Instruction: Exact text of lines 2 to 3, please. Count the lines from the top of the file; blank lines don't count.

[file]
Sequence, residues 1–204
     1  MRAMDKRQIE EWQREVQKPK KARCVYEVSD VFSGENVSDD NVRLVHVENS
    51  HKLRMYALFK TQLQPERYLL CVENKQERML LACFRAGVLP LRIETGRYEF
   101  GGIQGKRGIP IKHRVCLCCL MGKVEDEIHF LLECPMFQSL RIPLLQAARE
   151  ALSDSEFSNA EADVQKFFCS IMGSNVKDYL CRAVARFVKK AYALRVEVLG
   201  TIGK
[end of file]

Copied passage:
     1  MRAMDKRQIE EWQREVQKPK KARCVYEVSD VFSGENVSDD NVRLVHVENS
    51  HKLRMYALFK TQLQPERYLL CVENKQERML LACFRAGVLP LRIETGRYEF